Simeon Rice thinks he deserves a spot in the Pro Football Hall of Fame.
The Ravens would probably support that bid, if only for what Rice saved them from.
When the Illinois defensive end made a late climb up draft boards and was chosen third overall by the Cardinals in the 1996 NFL Draft, it cleared the way for the Ravens to take UCLA tackle Jonathan Ogden instead of Nebraska running back Lawrence Phillips.
That obviously worked out pretty well for them, since Ogden is already enshrined in Canton himself, while Phillips is facing murder charges involving the death of his cellmate in a California prison.
But looking back at that decision shows how close the Ravens were to making a terrible mistake.
They figured Southern Cal wideout Keyshawn Johnson and Illinois linebacker Kevin Hardy would be gone, leaving Ogden and Phillips in the next two spots. They seemed comfortable enough with Phillips to take him if it fell that way, despite his track record at Nebraska of domestic assault.
“I had no qualms about taking him, because I felt, based on our investigation, that he was subject to quick and complete rehabilitation and that he would have been a class-A citizen and a man the city of Baltimore would have been proud of,” the late owner Art Modell said of Phillips, via Mike Preston of the Baltimore Sun. “There was no doubt that we were going to take Ogden if he was there, but we didn’t think he would be in the fourth slot. The thing that threw everything out of kilter was Rice going early.”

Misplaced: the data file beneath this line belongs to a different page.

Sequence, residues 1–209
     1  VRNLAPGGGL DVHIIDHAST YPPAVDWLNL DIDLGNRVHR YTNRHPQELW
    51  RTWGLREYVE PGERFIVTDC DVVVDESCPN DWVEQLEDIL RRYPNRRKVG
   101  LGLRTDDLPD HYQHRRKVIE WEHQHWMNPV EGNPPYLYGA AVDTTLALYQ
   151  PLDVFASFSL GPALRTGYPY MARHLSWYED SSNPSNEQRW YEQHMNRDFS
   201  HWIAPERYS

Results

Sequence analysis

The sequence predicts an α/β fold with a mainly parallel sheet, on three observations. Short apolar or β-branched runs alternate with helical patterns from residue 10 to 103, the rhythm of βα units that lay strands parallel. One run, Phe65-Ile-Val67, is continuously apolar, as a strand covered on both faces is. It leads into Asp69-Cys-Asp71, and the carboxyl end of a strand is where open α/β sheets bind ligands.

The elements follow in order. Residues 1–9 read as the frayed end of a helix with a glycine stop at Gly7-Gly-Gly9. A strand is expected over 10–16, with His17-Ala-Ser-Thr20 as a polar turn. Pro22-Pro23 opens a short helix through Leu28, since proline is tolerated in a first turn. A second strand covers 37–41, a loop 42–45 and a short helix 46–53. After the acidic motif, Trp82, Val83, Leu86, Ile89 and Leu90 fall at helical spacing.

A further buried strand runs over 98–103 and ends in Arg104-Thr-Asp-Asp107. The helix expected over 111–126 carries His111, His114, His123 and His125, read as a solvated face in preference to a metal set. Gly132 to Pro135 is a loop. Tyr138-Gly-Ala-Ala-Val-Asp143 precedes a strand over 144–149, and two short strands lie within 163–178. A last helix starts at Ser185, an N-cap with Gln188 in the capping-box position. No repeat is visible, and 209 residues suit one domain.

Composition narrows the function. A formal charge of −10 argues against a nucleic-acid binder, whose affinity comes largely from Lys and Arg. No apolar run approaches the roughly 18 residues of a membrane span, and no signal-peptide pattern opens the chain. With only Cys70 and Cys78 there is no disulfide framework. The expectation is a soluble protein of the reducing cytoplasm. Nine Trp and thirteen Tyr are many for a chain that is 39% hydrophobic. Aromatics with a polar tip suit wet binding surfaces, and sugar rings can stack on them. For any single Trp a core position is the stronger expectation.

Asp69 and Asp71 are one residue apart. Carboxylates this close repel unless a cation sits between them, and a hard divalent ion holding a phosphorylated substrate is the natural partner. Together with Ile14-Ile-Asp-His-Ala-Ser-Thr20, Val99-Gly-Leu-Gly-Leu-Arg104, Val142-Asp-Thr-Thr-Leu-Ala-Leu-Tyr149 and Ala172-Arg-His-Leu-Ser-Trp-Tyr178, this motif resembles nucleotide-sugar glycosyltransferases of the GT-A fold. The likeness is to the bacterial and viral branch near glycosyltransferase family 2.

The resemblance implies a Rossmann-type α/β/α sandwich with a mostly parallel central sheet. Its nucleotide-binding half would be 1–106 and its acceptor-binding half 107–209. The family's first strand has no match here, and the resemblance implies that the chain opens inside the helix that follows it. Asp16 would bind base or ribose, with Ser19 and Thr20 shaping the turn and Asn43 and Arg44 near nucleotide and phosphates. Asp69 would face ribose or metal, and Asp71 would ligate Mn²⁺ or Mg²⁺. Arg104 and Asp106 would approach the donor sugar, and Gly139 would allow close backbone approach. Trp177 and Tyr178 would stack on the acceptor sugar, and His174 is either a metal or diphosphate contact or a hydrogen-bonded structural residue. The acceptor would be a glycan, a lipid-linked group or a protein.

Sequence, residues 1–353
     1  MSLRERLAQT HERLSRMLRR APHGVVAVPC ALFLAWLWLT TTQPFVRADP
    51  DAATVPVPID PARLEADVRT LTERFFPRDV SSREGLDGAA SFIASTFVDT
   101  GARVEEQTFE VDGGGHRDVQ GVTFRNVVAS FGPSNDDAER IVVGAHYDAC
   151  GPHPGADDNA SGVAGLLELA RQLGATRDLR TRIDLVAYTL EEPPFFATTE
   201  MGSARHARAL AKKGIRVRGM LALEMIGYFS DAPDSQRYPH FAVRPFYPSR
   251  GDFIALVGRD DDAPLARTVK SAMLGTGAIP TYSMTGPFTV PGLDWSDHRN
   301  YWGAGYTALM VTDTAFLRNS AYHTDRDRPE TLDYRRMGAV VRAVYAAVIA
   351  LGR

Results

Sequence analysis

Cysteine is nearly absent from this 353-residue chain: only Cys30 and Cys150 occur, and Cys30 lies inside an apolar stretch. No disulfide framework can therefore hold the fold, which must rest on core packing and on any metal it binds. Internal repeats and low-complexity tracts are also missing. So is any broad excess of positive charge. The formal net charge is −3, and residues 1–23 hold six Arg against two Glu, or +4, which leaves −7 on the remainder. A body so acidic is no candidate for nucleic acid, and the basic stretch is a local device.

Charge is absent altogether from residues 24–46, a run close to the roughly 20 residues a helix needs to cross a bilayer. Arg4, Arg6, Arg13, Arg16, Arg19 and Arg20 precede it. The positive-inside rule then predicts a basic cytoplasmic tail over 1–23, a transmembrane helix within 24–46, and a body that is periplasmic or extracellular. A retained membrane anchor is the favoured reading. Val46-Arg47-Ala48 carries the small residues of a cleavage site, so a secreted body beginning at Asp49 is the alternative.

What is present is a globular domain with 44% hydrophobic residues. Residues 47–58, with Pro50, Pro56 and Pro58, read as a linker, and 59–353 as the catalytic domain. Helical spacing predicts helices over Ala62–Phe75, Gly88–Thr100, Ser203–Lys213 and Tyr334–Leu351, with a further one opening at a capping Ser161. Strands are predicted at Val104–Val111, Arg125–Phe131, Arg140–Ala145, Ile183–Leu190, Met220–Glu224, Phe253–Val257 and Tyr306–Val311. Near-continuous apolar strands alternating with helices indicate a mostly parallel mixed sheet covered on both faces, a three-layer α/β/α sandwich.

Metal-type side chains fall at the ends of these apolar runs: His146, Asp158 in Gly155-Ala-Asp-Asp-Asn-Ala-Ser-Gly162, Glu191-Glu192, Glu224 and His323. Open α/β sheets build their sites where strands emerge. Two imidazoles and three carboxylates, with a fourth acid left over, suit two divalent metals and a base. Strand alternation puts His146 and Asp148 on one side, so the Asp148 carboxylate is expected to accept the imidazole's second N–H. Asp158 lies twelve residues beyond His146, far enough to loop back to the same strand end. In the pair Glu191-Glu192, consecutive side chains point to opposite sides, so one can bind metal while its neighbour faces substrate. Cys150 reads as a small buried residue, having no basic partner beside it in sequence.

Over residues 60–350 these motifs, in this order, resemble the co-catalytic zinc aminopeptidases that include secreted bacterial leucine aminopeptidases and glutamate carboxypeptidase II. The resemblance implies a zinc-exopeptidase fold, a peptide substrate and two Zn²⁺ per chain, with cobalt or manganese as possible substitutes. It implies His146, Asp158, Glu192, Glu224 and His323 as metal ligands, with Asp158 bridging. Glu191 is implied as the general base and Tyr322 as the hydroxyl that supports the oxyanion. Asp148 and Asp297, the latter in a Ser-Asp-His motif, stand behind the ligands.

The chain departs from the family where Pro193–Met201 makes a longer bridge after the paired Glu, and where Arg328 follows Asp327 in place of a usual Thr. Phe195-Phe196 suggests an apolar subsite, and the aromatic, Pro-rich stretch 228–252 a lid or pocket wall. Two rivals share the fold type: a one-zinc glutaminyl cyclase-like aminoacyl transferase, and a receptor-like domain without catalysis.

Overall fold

As the Ravens prepared for that draft, the possibility of an Ogden-Phillips choice was one they worked through and discussed. According to the report, Modell wanted Phillips, while personnel wizard Ozzie Newsome preferred Ogden.
“He was the cleanest of all the guys on the board,” Newsome said of Ogden. (The Ravens would go onto draft Miami linebacker Ray Lewis later in the first round.)
Phillips eventually went sixth overall to the Rams, and the Ravens avoided a running back who would go on to embarrass a franchise and become a symbol of a greater problem in society.
At least for a few decades.